Why Threads Might Not Be Able to Dethrone Twitter: A Closer Look
If you were hoping for a showdown between Mark Zuckerberg and Elon Musk, I’m sorry to disappoint you, but all you’re getting is a social media battle. For now. And in today’s snapshots, we’ll tell you why it won’t be easy to determine the winner.
In addition, here’s a quick update. If you’re someone (or if you know someone) who is good at communication and excited to be part of our team, Ditto is looking to recruit new insurance advisors. And no, you don’t need to know about insurance. We’ll train you from the beginning, and you can enjoy working remotely with a great team. Click on this link to apply.
Story 15 years ago, Zuckerberg needed Twitter.
Yes, he tried a few times to acquire the Bird app. But it never worked out. And then he got busy acquiring and creating other things like Instagram, WhatsApp, and Meta. So, the idea of Twitter was left on the back burner.
Until… when Zuckerberg launched Threads to compete with Musk.
A Closer Look
Now, if the name rings a bell, it’s only because Threads is a direct reference to Twitter. You create a thread when you string together a group of tweets. So yes, it’s quite intriguing.
But can Threads really disrupt Twitter’s dominance in the social tech-based app world?
Well, in the past few months (and years), we’ve seen some Twitter alternatives emerge. We had Mastodon, which gained popularity for a while when Musk took over Twitter. But then it slowly lost users. We have our own indigenous app called Koo in India. It’s creating a buzz in some parts of the world, but its daily user count reached 4 million, just half of what Twitter achieved. It’s plausible – maybe the cleanest-looking version of Twitter. But so far, no one is really talking about it. And now we have the ex-Twitter CEO supported Bluesky, but the reviews haven’t exactly inspired much confidence.
And the pattern remains the same. Apps make noise in the beginning. People think they’ll present tough competition to Twitter. And then the hype dies down. So far, no app has really gained significant traction to snatch users from Twitter.
But everyone believes that Threads could be the real deal. Why are you asking?
Simply because Zuckerberg is integrating it tightly with Instagram. You see, there are nearly 2.5 billion monthly active users in the photo-sharing network. That’s a quarter of the world’s population. The network effect is immense. Think of Instagram as a big party with the most popular people in the world. You want to be there because everyone else is already there. You can see what your friends are up to. You can keep an eye on your favorite celebrities’ activities. The network effect adds value to your digital social life. It keeps you informed.
And the beauty is, Threads doesn’t need to build its user network from scratch. Unlike other ‘me too’ apps. It just needs to find a way to transfer some of Instagram’s users. Maybe a simple notification that tells you one of your friends or someone you follow on the photo-sharing app has posted their unfiltered thoughts on Threads. A subtle hint to steer the herd in a new direction.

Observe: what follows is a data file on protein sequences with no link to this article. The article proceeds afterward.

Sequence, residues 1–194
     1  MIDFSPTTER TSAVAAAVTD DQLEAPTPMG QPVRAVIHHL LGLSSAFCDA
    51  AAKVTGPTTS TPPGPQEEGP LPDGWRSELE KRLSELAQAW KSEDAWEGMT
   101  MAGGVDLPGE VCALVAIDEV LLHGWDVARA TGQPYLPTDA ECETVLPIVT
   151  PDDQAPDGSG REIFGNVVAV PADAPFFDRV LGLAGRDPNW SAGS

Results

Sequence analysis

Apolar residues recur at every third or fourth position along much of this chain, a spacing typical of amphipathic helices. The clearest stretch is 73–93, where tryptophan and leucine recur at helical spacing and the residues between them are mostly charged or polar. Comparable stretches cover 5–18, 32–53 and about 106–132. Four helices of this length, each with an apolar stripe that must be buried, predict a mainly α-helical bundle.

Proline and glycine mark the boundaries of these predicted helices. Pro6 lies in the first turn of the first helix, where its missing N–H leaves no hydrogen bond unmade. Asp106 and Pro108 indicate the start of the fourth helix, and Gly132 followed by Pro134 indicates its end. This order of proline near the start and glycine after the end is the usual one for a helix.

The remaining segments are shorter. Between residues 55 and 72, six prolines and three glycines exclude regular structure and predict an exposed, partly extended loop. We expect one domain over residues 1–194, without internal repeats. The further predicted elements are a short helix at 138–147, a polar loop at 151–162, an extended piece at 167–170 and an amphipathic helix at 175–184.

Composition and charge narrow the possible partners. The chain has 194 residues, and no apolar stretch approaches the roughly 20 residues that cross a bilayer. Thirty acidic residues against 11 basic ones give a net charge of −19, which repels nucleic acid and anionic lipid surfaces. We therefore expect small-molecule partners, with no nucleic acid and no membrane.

And that’s the biggest advantage of Threads’ existing network. Mind you, within its first day, it already had 30 million sign-ups.
So yes, you can see why people are already calling it the Twitter killer.
Now, all this sounds straightforward on paper. But will it really work? Or will Threads join the graveyard of failed Twitter clones?
Well, honestly, we don’t know for sure. And we don’t want to bet against Jack. But it’s possible, just possible, that Threads could fall short of surpassing Twitter.
Just listen to our story, okay?
To begin with, let’s first take a look at Instagram’s history of copying ideas.
TikTok, the copycat reels. Surely, Zuckerberg says people now spend 25% more time on the app. But last year, people were still spending nearly 200 million hours on TikTok daily, while reels only managed 17.6 million hours. TikTok still reigns supreme in the short video realm.
Then there was the disappearing Stories feature – something that Snapchat originally started. Surely, it has worked wonders for the company, but it hasn’t killed Snapchat. Snap innovated, and they’re still performing well.
Besides, Instagram had the ‘Clear Story’ feature. It got rid of the BeReal concept, which encouraged users to share one unfiltered photo per day. It combines both front and back photos together. And BeReal is still around. Maybe it didn’t gain as much virality, but that’s not because Instagram has eaten its lunch.
In short, it doesn’t seem like Instagram has killed off all the people it copied.
Hold on. But Twitter is different, you say. Bird app hasn’t been doing well since Musk took over. Users are falling out of love with the app, gradually moving away. Advertisers are leaving in large numbers, and Twitter’s ad revenue could decline by 28% compared to last year. And there seems to be a change in the rules every week. For example, there was a spat.